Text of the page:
He cautioned against the risk of irremediably undermining UK citizens’ trust in these few public institutions, something that has taken decades to build and has proven extraordinarily resilient. This is particularly important given the tendency of media markets to concentrate in a few powerful hands, he said.

Nevertheless, Dieter welcomed the disruption brought by digitisation in content distribution and, in particular, the functional separation between content production and distribution. He suggested an analogy with the energy sector by depicting the future role of the BBC whose essential function is to select content for licence fee payers from a proliferation of channels and programmes. To this end, it will be essential that the BBC maintains sufficient scale in terms of overall audience.

Jonathan Levy, from the US Federal Communications Commission, explained how the type of intervention in broadcasting we have here in the UK would be unimaginable in the US. In the US system where the regulator is banned from directly setting minimum quality standard for broadcasting programmes, more weight is inevitably placed on viewers sifting through the proliferation of commercial content themselves. The requirement for consumers to make choices in the multichannel context makes the potential power of ‘gatekeepers’, concentrated media owners, a vital regulatory concern, he said.

He was doubtful about the future effectiveness of PSB content subsidy in light of the difficulty of grabbing viewers’ attention when plenty of commercial content is just a click away. This is particularly so, he claimed, for local content offerings, given that quality standards will be somewhat curtailed by the relatively small scale of local broadcasters.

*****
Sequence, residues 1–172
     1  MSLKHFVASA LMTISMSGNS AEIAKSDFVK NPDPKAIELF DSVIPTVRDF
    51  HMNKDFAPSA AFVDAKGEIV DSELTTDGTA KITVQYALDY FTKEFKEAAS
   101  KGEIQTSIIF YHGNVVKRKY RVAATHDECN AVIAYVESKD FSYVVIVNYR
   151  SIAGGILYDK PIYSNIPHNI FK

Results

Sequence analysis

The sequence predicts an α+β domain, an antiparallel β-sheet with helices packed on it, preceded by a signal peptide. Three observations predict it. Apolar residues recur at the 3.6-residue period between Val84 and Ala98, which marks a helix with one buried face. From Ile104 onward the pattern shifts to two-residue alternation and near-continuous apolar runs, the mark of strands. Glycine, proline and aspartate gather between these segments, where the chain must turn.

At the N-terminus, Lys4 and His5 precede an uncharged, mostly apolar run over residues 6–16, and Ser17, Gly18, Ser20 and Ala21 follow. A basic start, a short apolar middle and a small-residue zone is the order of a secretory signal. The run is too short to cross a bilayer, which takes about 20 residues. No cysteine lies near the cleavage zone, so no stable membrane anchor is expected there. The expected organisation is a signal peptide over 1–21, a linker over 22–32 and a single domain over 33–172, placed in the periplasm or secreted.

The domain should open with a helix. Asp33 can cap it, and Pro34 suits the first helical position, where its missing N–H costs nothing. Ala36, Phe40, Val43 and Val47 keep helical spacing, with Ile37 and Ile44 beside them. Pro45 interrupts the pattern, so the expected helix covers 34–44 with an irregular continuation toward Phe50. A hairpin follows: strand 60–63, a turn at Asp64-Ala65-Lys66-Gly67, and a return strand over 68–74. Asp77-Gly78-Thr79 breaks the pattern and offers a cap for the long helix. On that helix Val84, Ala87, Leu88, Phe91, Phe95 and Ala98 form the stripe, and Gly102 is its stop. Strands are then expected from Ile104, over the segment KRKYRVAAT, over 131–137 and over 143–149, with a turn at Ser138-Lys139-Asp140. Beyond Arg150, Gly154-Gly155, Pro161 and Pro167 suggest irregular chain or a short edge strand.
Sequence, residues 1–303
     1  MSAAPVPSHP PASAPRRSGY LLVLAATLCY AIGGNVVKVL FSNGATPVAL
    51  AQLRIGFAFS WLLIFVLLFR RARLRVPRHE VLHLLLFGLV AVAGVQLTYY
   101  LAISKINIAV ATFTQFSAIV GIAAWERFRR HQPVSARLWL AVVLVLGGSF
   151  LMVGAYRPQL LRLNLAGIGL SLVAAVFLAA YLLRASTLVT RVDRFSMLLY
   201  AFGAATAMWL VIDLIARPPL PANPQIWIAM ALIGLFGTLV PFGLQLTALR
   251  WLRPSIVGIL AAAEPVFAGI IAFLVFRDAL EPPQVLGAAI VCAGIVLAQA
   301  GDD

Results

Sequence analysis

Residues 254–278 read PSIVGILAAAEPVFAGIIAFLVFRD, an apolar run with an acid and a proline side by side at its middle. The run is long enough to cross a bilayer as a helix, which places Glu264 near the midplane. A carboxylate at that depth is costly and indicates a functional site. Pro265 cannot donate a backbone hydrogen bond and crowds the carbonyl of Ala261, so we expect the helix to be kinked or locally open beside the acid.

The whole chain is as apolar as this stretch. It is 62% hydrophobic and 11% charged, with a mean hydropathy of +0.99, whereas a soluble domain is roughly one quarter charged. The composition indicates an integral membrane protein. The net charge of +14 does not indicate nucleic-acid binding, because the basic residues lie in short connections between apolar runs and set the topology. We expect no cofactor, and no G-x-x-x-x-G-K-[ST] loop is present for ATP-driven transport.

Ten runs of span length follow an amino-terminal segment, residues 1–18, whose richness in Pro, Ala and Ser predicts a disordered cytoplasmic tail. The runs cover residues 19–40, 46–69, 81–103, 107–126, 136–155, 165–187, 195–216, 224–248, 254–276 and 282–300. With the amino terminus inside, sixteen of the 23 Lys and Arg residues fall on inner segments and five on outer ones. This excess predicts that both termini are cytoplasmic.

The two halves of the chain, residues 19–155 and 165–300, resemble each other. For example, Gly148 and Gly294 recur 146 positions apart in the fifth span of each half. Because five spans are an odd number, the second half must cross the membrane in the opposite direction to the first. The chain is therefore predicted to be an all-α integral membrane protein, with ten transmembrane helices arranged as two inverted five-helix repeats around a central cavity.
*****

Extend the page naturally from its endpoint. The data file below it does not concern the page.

Jonathan observed that the need to reach sufficient scale might give rise to a trade-off between plurality and financial viability, for example, with respect to a trend towards the concentration in content production and/or cooperation agreements among content producers. He finally warned that issues of exclusivity agreements between concentrated content providers and distribution platforms is likely to be the main anticompetitive concern for media and competition watchdogs in the future.

Mariana Mazzucato gave a refreshing presentation from someone who is an expert in innovation but not in the media and broadcasting sector. She argued for strategic state intervention as an engine for growth. By quoting prominent examples from the hi-tech and pharma industries, Mariana explained that state intervention is not only crucial in primary/basic research, but also at the following stages of applied research, which are closer to commercial exploitation.

Mariana also emphasised the tendency to use of pejorative terms when describing the public sector, either in terms of ‘bureaucracy’ or in terms of confining it to addressing ‘market failure’. She stressed that for a creative institution such as the BBC it will be important to free itself from the shackles of this “discursive” restriction in order to attract the talented and creative staff which are essential for its prosperity.

Finally, Andrew Graham pondered on the importance of civic institutions in modern economies, stressing that it is institutions that shape the way people operate in markets. The supposed contrast between the public sector and the market is therefore a false dichotomy. He urged that proper attention be paid to the importance of the BBC as a cultural and civic institution and warned that it would be enormously damaging to undermine this institutional role. The seminar ended with a lecture by Gavyn Davies, the former chairman of the BBC Governors. The link to Gavyn’s lecture, his first public statement on the BBC since then, can be found here.